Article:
Related Pages listed by

Informal Economy & WIEGO
Occupational Group(s): Street Vendors

HomeNet Thailand

HomeNet Thailand was founded in 1999 as an NGO to support home-based workers across Thailand. Today, HomeNet Thailand consists of:

Informal Economy Monitoring Study (IEMS)

IEMSThe 10-city Informal Economy Monitoring Study (IEMS) evaluates the realities that informal workers face. Qualitative and quantitative research methods together have provided an in-depth understanding of how home-based workers, street vendors, and waste pickers are affected by economic trends, urban policies and practices, value chain dynamics, and other economic and social forces.

StreetNet International

StreetNet International

Administrative Justice Project

All over the world, people who rely on access to public space and public resources face a litany of challenges to earn their livelihoods. The challenges largely result from decisions made by local government authorities who control public space and access to waste and land.

Key Debates about Street Vending

Lima peru street vendors

Street vending generates debates around the world. The key debates are summarized here.

Durban Legal Victory

Introduction: 

John Makwicana, a vendor in Warwick Junction in Durban/eThekwini, South Africa, took the municipality to court, claiming the law that allowed the confiscation of his goods was unconstitutional. He won a legal victory for street traders in South Africa. John died on March 7, 2018, but his legacy will live on. This videos captures a last interview with him. The rest of the story is detailed below.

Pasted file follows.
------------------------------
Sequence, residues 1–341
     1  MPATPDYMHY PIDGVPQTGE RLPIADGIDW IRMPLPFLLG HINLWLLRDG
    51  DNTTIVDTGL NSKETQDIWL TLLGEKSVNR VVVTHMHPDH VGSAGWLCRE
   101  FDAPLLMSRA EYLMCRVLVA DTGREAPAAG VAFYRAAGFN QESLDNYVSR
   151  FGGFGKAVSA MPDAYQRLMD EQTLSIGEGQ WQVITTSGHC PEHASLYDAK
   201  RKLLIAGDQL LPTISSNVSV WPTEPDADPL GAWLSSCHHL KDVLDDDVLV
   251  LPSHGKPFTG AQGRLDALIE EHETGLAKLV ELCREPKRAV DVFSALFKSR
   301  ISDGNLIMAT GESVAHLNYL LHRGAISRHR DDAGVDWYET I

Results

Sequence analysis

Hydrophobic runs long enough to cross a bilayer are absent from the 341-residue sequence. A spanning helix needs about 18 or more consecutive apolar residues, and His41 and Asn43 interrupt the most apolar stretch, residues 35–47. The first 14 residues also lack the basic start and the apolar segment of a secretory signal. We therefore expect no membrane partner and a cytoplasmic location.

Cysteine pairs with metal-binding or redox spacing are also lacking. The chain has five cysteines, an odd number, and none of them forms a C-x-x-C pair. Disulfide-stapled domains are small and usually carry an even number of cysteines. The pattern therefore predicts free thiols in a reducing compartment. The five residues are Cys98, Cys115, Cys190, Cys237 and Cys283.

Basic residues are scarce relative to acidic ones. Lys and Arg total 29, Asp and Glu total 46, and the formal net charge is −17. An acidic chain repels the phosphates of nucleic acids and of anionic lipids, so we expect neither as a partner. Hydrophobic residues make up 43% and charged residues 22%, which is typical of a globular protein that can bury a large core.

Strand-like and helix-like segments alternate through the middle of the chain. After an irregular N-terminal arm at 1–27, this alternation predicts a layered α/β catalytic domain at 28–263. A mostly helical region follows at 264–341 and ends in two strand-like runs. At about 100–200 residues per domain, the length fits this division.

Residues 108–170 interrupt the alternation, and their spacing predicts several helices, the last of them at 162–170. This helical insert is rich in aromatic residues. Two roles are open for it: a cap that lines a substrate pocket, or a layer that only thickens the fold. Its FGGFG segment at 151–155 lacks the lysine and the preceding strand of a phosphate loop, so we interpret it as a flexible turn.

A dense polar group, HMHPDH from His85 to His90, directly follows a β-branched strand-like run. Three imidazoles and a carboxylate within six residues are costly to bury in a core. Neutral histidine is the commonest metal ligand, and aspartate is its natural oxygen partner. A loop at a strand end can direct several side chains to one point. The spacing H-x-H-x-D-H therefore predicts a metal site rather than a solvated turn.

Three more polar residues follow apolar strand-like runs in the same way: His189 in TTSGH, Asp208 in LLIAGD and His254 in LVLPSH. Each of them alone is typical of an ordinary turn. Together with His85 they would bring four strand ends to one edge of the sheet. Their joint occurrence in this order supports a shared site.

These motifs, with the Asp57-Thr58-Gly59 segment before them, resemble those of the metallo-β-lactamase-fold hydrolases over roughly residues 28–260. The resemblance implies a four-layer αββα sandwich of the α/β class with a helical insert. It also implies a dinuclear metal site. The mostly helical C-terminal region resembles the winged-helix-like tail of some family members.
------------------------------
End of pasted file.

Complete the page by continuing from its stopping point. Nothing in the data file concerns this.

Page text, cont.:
Story of a Legal Victory

Since 2008, WIEGO has worked closely with Asiye eTafuleni ("a seat at the table" in Zulu) in Durban/eThekwini, South Africa. Founded by two former city employees who had worked together with informal workers in the Warwick Junction precinct of the city, the NGO provides design, legal and other support to street vendors, market traders, barrow operators, waste pickers and garment producers in Warwick Junction.

Informal Hawkers and Vendors Association of Ghana (IHVAG)

Informal Hawkers and Vendors Association of Ghana (IHVAG)

The Informal Hawkers and Vendors Association of Ghana (IHVAG) was formed in 2003, and registered in 2005. It was formerly called StreetNet Ghana. Currently, there are over 6,000 members, who work in street and market trading; approximately two-thirds of the members are women. The organization has six branches in two cities, and is governed by an executive committee of five women and two men.

Urban Informal Workers & The Green Economy

The urban poor – the majority of whom work informally – are at significant risk from the increased intensity and frequency of storms, flooding, landslides, heat waves and constraints on fresh water associated with climate change.2 And as a changing climate drives more of the rural poor into cities, the urban working poor face increasing competition.

Zimbabwe Chamber of Informal Economy Associations (ZCIEA)

Zimbabwe Chamber of Informal Economy Associations (ZCIEA) members include street/market vendors, construction workers, wastepickers, and other informal economy workers. As of January 2014 there were 10,500 members  in 150 Associations grouped into chapters.

Urban Renewal, Heritage Sites & Urban Livelihoods: Devi-Ben, Street Vendor

Urban Renewal, Heritage Sites & Urban Livelihoods: Devi-Ben, Street Vendor

These are the reflections of Marty Chen, WIEGO’s International Coordinator, following an Exposure-Dialogue Programme held January 27-February 1, 2013 in Ahmedabad, India, as part of WIEGO’s Law & Informality project. During the Exposure, Marty and Michael Piore of the Massachusetts Institute of Technology were guests of Devi-ben.